The Finger Lakes’ Smallest Winery

Kendal-wine tasting 1 - by Bob Silsbee

The Finger Lakes’ Smallest “Winery”

By Charles Wilcox


Kendal at Ithaca, a continuing care retirement community located on the old Savage farm just off Triphammer Road, opened its doors just after Christmas 1995. Even before that event, future residents Elmer “Flip” Philips and Jim Spero began planning a winemakers group to be located in the cellar of the existing farmhouse. That effort caught on and today we have about a dozen residents who make about 120 gallons of wine each year in what we proudly call The Finger Lakes’ Smallest “Winery.”

The winemaking process starts in the fall when our group gathers to combine our juice purchase decisions and arrange car pools to pick up our orders. In recent years all of our juices have come from the Fulkerson Winery in Dundee on Seneca Lake and is acquired in our 5-gallon glass carboys. Fulkerson offers 30 or more juices spread out over a six-week harvesting period. Our choices range from the well known Chardonnay and Cabernet Sauvignon to the less familiar new hybrids such as Corot Noir and Valvin Muscat. After anxious trips back to Ithaca with our two dozen carboys, the juices are warmed to room temperature and then packaged yeasts added to start the fermentation processes.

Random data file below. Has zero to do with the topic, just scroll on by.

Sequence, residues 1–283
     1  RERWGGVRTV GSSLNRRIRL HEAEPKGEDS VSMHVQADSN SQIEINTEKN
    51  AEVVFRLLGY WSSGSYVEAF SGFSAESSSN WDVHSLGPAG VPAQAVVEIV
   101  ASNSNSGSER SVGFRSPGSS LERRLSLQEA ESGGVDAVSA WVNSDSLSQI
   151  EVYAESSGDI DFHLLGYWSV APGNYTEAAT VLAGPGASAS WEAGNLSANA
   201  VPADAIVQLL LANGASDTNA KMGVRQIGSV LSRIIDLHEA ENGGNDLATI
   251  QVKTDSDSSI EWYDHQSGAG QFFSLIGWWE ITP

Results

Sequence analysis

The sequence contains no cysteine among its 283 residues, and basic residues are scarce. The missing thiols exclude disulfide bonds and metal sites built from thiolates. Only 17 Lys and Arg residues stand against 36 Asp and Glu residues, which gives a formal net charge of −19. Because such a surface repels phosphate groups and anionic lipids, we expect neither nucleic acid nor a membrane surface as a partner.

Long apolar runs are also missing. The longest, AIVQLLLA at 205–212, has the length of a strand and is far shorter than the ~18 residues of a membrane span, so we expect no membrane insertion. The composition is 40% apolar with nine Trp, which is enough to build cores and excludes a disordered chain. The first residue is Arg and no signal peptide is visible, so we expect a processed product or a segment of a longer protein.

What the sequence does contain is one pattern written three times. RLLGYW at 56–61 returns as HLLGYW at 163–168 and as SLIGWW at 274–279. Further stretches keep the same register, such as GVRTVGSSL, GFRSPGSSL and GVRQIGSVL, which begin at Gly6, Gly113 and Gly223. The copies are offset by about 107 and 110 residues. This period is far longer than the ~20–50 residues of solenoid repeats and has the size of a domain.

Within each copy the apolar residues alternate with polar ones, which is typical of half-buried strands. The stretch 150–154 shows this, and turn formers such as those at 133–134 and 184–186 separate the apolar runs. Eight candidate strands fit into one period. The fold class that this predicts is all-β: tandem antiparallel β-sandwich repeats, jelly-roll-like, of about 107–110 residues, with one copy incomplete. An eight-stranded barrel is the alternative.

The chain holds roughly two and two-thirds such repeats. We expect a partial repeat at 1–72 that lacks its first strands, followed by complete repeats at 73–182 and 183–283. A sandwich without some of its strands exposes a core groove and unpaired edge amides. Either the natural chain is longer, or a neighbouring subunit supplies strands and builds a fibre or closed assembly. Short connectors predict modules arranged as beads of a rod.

One of the concerns for our aging vintners is how to safely lift filled carboys from floor level to the bench top, an operation that must be repeated several times during the fermentation, racking and settling periods. We have now eliminated this challenge by acquiring a small pneumatic lift. A few gentle pumps on the foot pedal of the lift can raise as much as 350 pounds of juice or wine. The lift sits on lockable rollers so that filled carboys can be moved safely around the wine cellar with the only effort required is to slide the carboy on or off the platform and bench-top.

In the fall the Kendal Wine Makers also hold an open house wine tasting for residents and their guests. This event provides a warm, congenial atmosphere in which to sip last season’s wines and talk with the vintners about their experience. Frequently, several of the wine types have been made by two or more of our vintners, which gave residents a chance to compare the taste variation that occurs even with the same starting batch of juice. It demonstrates that wine making is as much an art as it is a science.

Charles Wilcox is a retired Professor of Chemistry and Chemical Biology from Cornell University and a resident at Kendal at Ithaca

Photo by Bob Silsbee

This article originally appeared in our 2014 Wine issue.

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